At Chelsea Market, Retail Growth and Vertical Flatline

A current view of Chelsea Market’s entrance and façade.Photo courtesy Jamestown.
A current view of Chelsea Market’s entrance and façade. Photo courtesy Jamestown.

BY WINNIE McCROY | High above and down below, big plans are in the works for Chelsea Market — but the building’s vertical expansion has been delayed, as Jamestown searches for an anchor tenant. The investment and management company did, however, recently announce plans to invest $35–50 million into doubling the size of the food and shopping destination’s retail property space. In the meantime, they are making good on the majority of their promised contributions to the community — made as part of an often contentious, years-long process during which Jamestown asserted that their plans to build atop the existing structure were necessary to meet a projected demand for more tech sector office space.

“The vertical expansion on the west end is not expected for four or five years now. Originally we expected it to start in 2017, but it’s not going to happen that quickly,” said Lee Compton, Co-Chair of the Chelsea Land Use Committee of Community Board 4 (CB4).

In 2012, CB4 approved Jamestown’s plan to add 300,000-square-feet of office space atop Chelsea Market, creating 1,200 long-term jobs and 600 construction jobs. In 2014, STUDIOS Architecture released renderings for this nine-story addition to the west side of the Chelsea Market, known as BLDG 18.

This March, Jamestown President Michael Phillips told Crain’s New York Business. “When we go vertical on the tower, we’ll have new demand,” referring to the expansion of the office space, which will bring additional workers to shop and eat at Chelsea Market. He noted, however, that they won’t begin office expansion until they have secured an anchor tenant for the space.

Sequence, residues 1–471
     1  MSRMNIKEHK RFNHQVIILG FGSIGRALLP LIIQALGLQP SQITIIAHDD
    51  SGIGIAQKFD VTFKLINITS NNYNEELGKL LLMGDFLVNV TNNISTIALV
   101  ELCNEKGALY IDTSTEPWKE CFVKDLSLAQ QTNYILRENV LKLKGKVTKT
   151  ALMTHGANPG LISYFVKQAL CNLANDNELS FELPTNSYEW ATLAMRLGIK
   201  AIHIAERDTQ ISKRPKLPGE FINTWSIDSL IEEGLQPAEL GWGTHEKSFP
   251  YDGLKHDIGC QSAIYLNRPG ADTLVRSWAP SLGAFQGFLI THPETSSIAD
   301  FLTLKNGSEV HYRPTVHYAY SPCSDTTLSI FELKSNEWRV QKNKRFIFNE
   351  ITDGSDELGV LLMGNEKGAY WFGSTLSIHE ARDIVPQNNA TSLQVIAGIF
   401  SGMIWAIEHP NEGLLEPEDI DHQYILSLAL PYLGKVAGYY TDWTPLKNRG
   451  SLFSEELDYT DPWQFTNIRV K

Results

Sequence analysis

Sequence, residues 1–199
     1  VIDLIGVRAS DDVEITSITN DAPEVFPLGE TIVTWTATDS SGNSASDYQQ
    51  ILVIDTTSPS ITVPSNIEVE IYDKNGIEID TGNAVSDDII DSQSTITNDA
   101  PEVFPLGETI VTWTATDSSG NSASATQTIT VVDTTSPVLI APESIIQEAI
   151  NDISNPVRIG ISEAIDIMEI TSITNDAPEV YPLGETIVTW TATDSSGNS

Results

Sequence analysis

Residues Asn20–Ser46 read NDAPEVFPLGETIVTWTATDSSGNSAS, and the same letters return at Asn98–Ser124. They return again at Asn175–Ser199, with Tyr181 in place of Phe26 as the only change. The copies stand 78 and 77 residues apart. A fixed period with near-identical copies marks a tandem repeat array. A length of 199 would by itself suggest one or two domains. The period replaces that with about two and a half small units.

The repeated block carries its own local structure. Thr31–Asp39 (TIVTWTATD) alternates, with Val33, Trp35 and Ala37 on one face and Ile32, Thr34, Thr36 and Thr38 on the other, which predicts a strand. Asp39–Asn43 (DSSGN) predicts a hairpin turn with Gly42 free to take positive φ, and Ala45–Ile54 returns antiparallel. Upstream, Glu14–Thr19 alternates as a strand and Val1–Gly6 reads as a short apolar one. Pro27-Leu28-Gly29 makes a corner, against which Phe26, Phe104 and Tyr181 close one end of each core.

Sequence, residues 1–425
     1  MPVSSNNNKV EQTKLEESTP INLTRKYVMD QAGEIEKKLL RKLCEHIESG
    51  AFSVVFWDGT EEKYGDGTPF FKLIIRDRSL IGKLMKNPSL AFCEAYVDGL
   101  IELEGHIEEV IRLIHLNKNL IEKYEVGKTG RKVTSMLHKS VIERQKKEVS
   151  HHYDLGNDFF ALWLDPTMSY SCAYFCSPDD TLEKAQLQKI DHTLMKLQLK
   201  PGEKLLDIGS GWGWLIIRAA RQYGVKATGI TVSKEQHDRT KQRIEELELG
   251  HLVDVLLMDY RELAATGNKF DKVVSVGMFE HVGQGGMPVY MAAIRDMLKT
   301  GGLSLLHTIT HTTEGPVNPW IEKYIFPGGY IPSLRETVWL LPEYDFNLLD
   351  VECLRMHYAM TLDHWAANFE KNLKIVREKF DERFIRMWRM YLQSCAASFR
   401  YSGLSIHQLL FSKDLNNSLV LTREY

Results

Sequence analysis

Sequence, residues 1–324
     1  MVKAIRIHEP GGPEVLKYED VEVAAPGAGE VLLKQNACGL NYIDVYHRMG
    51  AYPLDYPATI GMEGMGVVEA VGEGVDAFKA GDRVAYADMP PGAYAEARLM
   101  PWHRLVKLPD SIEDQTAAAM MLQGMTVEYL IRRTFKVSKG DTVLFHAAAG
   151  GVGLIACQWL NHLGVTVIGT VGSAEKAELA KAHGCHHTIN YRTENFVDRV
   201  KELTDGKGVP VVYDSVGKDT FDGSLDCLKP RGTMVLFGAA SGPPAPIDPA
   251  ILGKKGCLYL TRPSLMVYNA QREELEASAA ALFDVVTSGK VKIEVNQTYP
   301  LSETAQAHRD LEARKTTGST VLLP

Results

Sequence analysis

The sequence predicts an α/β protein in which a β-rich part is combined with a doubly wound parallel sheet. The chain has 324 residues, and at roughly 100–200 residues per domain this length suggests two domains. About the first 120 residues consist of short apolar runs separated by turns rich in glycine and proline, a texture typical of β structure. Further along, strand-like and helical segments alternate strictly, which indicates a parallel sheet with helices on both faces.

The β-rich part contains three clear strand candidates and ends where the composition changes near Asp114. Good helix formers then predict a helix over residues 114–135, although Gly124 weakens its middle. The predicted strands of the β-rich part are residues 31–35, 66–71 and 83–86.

For now, Jamestown has begun renovating the largely unused lower level of Chelsea Market to create 80,000-square-feet of retail space. They will move several large concourse-level businesses to this basement level, at a price point significantly lower than the $400 per-square-foot ground floor.

“Great retail is organic: It lives and breathes, and you always have to think about how to make it better,” Phillips told Crain’s. “Adding the lower level gives us precious square feet in [a real estate] market where there isn’t a lot of retail like this.”

Jamestown has also begun transforming a boiler room into space for a new restaurant. Phillips told the media his aim is to convert the entire basement level over the next five years, linking it with a central corridor, providing access for shoppers.

“They are already changing the lower level of concourse into retail, and we expect them to move several businesses there, freeing up space on the main level,” said Compton. “The Manhattan Fruit Exchange and Buon Italia are moving downstairs, and a main staircase to the lower level will be built in that space.”

The expectation is that Jamestown will put more retail shopping destinations on the lower level — so those shopping specifically for food will encounter less congestion, as most tourists are expected to stay on the main concourse.